More of us will shovel driveways and sidewalks than traverse glaciers and Himalayan trails. This product can help you do both safely.
by Leon Pantenburg
Hillsound supplied this product. I was not paid to do this review.
Bend, Oregon – I awoke to 14 inches of new snow, and I’m not going anywhere until the driveway gets shoveled.
So what does this have to do with a pair of mountain crampons?
Well, if you’re like me, you don’t want some exotic piece of gear that only gets used on a rare occasion. My driveway has a pretty steep slope, and it gets really slippery when the snow melts, and then re-freezes.
I also walk two black Labs every night in often slippery conditions. I have slipped and fallen twice because of the ice. (I didn’t get hurt – I took Judo in college, and know how to fall.) I typically put a set of crampons or Yak Tracs on my dog walking books, and leave them on until the bare ground is visible.
Statistically, there are millions more people who will shovel snow and have to cross icy parking lots than those who will climb mountains and traverse glaciers. But the crampons used for both can make things a lot safer.
In Bend, there are a lot of trail runners, hikers and backcountry travelers who rely on durable crampons. But most of us just use them whenever it gets slick out.
So I was interested in the Hillsound Trail Crampons. I regularly hike on icy trails where a slip could be a really bad thing, and these looked really durable.
Here are the specs, according to the back of the box:
Eleven heat-treated spikes combine with an ergonomically designed flex hinge guarantee superb grip on packed snow or ice.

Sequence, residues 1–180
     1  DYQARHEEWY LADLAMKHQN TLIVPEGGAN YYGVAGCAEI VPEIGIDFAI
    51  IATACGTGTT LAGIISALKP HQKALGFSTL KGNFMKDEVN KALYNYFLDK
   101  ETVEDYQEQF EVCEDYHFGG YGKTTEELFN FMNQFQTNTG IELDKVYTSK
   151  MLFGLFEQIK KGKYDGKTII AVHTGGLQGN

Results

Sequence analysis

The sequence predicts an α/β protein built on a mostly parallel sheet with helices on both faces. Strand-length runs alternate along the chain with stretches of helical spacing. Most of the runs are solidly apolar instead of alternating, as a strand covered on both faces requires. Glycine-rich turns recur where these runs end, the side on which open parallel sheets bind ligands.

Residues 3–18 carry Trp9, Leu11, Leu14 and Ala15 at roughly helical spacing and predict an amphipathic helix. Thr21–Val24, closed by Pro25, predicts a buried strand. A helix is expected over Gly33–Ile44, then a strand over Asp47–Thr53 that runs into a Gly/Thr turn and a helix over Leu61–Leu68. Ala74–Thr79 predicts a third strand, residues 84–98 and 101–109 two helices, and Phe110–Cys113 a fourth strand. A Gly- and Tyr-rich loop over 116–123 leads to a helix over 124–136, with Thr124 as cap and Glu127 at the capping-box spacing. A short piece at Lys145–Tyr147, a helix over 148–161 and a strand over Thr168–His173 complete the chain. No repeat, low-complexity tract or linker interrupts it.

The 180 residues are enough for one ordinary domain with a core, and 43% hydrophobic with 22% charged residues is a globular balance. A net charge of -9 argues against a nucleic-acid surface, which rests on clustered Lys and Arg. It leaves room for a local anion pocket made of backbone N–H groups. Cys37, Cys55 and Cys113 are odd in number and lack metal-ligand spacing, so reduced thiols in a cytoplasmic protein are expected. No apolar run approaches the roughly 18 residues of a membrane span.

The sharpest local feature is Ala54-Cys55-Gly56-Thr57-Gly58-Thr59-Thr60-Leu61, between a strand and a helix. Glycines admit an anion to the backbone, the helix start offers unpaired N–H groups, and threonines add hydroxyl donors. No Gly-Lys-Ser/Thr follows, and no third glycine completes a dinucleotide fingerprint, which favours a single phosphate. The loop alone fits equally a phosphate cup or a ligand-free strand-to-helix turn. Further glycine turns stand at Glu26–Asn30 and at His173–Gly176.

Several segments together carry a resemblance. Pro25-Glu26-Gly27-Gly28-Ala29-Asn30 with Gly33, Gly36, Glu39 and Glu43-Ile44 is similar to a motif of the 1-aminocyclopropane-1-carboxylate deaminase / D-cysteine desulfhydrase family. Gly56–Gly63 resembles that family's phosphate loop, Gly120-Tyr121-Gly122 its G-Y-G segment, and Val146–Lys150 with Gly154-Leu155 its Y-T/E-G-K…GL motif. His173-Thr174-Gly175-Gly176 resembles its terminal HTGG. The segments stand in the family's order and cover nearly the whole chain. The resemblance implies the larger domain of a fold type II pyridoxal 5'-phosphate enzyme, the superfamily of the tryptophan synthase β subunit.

Welded stainless steel flex-chain: The integral parts of the flex-chain are welded to prevent links from pulling apart on rough terrain.
Dynaflex sleastic harness: The durable elastic harness ensures a tight hold on your shoes and retains its elasticity to -60 degrees Fahrenheit.
The crampons worked really well for shoving a slippery, steep driveway. What typically happens, is that as soon as the sun comes out, the snow starts to melt and the pavement gets really slippery. That’s what happened after the latest snowstorm, but I was able to keep safely shoveling.
In one place, the snow got so slick the snow blower couldn’t make it up the hill. But I was able to walk right through that spot without any danger at all. I was so impressed, I walked downhill through the dangerous spot to see if the crampons would hold. They worked really well.
That night, I walked the dogs with the Hillsound crampons on my boots, and never felt like I was going to slip on the icy sidewalk or the steep paths at the fog park.
A slip and fall on an icy street could end up being every bit as dangerous as a fall in the mountains, and the urban situation is much more likely to happen.
I’m leaving the Hillsound crampons on my boots until the snow clears. I think they’re a solid product, and one people should look at.